criticism #1

Cursed Entrees
When I moved from New York City to Seattle in 2009, I vaguely felt that I had abandoned a concrete wasteland in favor of verdant, vital greenness. The Emerald City. A city that celebrates life. And Seattle has not let me down: from hiking and hunting in the mountains, fishing in the Sound, and imbibing the excellent local spirits, brews, and wines, I have come to adore Seattle. And of course I love the fresh fish, local produce, and mushrooms here, too. But on the subject of cuisine, I have found a caveat: I have come to dread entrées in Seattle restaurants. So often they disappoint. Specifically, I am referring to those restaurants in which appetizers, cocktails, ambience, and service are all good to great, but the main courses fail to deliver.[1]
            Why and how is this?
Shouldn’t a chef who is able to concoct a great one-bite appetizer likewise succeed with a filet of fish or slab of meat? Is it just easier to work on a small scale? To create one moment of contrast and interest that pops? Are Seattle chefs more willing to take risks with appetizers, or more willing to tinker? Are entrées harder somehow? Is the traditional inclusion of protein, starch, and vegetable all on the same plate too limiting or imposing?
Answers vary by the establishment, but let’s put this problem in context. An entrée should highlight the meal. I’m paying more for it than anything else, aren’t I? Shouldn’t it be better than the ceviche I had to start? A good entrée, as a general rule, consists of multiple food elements on a plate with each element succulent in its own right as well as succulent and interesting when mixed with the elements around it. This can be as simple as steak, sauce, potatoes, and spinach, or as bizarre as noisettes of lamb with calf brains on a bed of carrot and zucchini fettuccine. But any way you look at it, the seasoning should be judicious and the taste should leave the diner wanting more even if the portion is filling. Is this really asking too much?[2]
            I believe two interconnected problems are largely at work:
            First, self-awareness, criticism, and feedback within the establishments must be inadequate. Whether in the conception of the entrée or its execution, someone should be saying, “Hey, this just isn’t that good.” Now, I was a sous chef for the last three years and I know how hard it is to say Let’s redo it. But if the problem is only in the execution, that has to be said. If, however, the problem is in the conception, addressing it can be next to impossible for line cooks and wait staff. Too much ego is at play. Then it’s up to the owner and executive chef. This leads to the second problem:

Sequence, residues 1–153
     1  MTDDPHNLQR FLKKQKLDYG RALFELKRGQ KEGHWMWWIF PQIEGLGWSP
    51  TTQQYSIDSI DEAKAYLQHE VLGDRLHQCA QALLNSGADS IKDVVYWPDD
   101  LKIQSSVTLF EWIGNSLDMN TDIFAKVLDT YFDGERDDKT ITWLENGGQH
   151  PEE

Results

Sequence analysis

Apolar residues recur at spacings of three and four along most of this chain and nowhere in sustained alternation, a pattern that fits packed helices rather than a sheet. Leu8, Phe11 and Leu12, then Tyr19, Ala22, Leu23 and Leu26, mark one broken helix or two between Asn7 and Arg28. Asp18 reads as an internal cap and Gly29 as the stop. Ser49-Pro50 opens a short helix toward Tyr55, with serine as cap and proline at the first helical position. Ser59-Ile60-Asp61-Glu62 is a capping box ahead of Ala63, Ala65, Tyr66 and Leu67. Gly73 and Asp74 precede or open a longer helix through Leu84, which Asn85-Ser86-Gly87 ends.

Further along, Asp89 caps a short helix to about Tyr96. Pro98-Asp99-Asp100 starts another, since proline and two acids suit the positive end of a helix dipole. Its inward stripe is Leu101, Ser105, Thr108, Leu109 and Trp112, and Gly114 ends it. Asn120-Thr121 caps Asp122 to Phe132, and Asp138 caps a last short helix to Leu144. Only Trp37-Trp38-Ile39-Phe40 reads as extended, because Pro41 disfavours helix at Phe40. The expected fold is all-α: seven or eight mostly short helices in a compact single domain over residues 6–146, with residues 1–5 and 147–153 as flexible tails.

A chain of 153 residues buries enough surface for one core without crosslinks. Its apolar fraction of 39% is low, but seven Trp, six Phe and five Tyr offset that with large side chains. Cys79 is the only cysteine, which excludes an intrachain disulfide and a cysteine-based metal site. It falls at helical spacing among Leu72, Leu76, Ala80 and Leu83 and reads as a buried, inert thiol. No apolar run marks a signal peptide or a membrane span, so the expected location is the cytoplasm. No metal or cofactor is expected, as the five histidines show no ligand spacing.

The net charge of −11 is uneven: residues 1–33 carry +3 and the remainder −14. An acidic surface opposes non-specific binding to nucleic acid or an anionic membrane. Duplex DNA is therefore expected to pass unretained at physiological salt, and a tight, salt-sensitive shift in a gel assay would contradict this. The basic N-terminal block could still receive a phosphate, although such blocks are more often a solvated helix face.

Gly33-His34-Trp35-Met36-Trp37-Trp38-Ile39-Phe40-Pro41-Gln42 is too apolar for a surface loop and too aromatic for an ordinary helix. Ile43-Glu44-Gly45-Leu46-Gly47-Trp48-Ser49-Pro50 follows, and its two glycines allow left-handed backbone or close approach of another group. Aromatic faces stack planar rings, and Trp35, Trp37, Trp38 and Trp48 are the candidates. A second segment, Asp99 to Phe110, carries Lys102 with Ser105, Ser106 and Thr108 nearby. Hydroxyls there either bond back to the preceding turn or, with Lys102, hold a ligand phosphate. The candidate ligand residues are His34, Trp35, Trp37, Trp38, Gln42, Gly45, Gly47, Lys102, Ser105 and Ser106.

Diners and critics are way too easy on restaurants here. The Seattle Times and Seattle Magazine give rave reviews and hand out best of this and best of that for mind-boggling no-better-than-decent food. I am just amazed by this. Are some of these so-called critics going out stoned and starving? Or walking in wearing signs that read, “Food Critic: Go Get the Head Chef Now”?
And as for diners, well my friends, raise your standards. Otherwise, you won’t get better food. Laughing, smiling, and saying, “That hit the spot,” when all it did was fill you isn’t doing your taste buds any favors. And certainly don’t come back again tomorrow. Don’t reinforce mediocrity. Restaurants are businesses foremost, food is always secondary, so it is your spending that really runs the show. Amen to Yelp! but Yelp! is not enough—you actually have to not go.
            Okay. Glad that’s out. The next time an entrée leaves me glum, I’ll let you know about it.
-Thomas McCafferty

[1] Now, this is not a problem exclusive to Seattle and it is not a problem that is ubiquitous in Seattle, either, but it is prevalent enough that I feel it worth mention. Offhand, I can think of fifteen restaurants that fit the bill (It would be wrong to name them all with one sweeping stroke, but going forward I will write them up in reviews). I can also think of a handful that are stellar beginning to end, the exceptions that prove the rule.
[2] This article is going to be a rant now. I wish it didn’t’ have to be, but my hand is forced. If you don’t want to read a rant, stop. 
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